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  1. Politics
9 February 2007

Miliband: gaffe or ploy?

Friendly fire caught on video, the police state plus booing Brown

By Adam Haigh

Many bloggers have put their views of tabloid journalism aside this week to recognise the superb work done by Tom Newton Dunn, defence editor at the Sun, by getting hold of a video so crucial to the inquest of the British soldier Matty Hull.Roy Greenslade said: “It was some leak and I foresee awards galore for the reporter in the coming year.”

But Donal Blaney thought: “The video has already now begun to be used by anti-war activists in Britain and elsewhere to fan the already dangerous flames of anti-Americanism.”

What also caught the attention of bloggers was a statement by Dr Mohammad Naseem who says Britain is moving towards a police state. This came after the release of two of the men arrested last week under the Terrorism Act in Birmingham.

At Leninology there is certainly agreement with Dr Naseem expressed again by Abu Bakr on Newsnight. But Rob Newman suggests this should be put in perspective because it is “offensive to people all over the world living in fear of their governments.” Does he have a point?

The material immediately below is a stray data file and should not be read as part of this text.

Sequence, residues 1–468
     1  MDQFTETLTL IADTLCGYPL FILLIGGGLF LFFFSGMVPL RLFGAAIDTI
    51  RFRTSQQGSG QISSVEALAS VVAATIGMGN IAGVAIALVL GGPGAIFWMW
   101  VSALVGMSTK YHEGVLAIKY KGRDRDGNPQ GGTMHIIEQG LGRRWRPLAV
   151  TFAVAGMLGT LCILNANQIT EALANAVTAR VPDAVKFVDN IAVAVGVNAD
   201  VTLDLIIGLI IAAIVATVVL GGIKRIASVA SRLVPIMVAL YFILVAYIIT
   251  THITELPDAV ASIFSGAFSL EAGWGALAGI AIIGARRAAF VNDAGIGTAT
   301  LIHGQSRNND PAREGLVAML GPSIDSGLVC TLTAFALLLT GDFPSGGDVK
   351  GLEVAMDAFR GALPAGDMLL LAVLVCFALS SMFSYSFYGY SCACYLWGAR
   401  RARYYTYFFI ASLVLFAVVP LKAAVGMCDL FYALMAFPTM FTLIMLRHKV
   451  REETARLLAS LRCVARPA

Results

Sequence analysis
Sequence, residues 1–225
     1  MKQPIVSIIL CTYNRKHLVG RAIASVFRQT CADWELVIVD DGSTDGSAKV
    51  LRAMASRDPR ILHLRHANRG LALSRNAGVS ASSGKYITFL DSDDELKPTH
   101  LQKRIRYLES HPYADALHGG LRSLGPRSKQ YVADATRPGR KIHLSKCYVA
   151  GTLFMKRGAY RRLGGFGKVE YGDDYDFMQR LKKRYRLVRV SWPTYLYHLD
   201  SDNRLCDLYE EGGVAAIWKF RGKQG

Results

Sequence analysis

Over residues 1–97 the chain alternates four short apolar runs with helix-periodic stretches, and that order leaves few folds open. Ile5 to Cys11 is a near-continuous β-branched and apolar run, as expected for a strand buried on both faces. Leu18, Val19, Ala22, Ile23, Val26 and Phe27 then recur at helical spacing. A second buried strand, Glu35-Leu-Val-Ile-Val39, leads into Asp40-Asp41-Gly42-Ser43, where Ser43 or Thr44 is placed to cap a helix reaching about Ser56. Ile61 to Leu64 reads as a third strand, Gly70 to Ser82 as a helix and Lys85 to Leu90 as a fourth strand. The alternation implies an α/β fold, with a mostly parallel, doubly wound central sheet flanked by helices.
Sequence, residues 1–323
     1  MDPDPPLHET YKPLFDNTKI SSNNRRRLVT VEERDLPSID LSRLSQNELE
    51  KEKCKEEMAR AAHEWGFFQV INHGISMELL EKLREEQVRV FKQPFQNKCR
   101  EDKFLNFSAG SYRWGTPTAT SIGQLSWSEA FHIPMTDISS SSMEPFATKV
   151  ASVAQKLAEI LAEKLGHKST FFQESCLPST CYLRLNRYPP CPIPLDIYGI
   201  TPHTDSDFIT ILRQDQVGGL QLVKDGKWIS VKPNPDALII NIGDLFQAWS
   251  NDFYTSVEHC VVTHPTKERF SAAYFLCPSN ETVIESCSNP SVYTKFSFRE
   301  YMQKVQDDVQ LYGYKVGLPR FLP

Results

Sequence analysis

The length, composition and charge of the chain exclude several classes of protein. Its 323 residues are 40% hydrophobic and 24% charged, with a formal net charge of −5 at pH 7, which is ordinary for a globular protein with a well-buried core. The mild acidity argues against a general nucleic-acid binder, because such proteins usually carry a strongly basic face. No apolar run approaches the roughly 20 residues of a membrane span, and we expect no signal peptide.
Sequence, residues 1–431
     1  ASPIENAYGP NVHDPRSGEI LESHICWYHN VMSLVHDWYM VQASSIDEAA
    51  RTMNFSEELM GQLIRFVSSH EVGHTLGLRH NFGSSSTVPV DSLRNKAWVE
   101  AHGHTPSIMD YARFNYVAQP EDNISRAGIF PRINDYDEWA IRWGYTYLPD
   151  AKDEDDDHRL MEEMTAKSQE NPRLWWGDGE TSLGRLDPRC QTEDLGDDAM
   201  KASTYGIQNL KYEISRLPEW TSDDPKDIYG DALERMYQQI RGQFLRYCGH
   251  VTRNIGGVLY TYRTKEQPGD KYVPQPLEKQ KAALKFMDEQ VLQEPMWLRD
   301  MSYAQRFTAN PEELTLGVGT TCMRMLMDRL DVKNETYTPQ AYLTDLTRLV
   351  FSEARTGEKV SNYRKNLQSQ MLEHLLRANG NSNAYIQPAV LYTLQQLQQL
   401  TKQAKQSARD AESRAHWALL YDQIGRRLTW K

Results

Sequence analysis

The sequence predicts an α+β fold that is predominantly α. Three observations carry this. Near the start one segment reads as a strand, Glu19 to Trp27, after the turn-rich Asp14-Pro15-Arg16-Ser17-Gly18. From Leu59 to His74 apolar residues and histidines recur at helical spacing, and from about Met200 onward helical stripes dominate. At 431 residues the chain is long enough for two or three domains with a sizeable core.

Liberal Review draws attention to, Dr Sumaya Alyusuf, the principal of King Fahad Academy, an Islamic school in London which was accused this week of teaching religious hatred.

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A comment left on the blog asked: “Why should an otherwise useful text book be withdrawn on the basis of one chapter that is not used in the classroom?”

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Schools Minister, Jim Knight, has ordered an inquiry to assess if the school promotes tolerance and harmony as it is legally required to do.

Ellee Seymour saw the importance of the debate in the House of Commons on Wednesday on the Freedom of Information Act. She says: “The Act has, in effect, been a victim of its own success – the government has had enough.”

An accurate analysis came from Martin Rosenbaum who raised a crucial point many are missing. Any defence of the Government’s proposal to charge people for the man hours needed to find a piece of information under the FOI Act does not address the larger issue.

The proposal to also include charging for time spent considering the exemptions and consulting others, is much more controversial and widely criticised than the suggestion to incorporate reading time.

Keeping you updated on all the latest FOI news is blogger, Steve Wood.

And I leave you with some news from the Environment Minister, David Miliband. On Question Time he said: “I bet in a year’s time people will be calling for Tony Blair to come back and people will be booing Gordon Brown.”

Caroline Hunt thinks it wasn’t a ‘gaffe’ at all but: “an excusable slip to put the idea into people’s brains that they should keep Blair for as long as possible.” Sometimes people simply analyse too much. Or perhaps I should say not enough.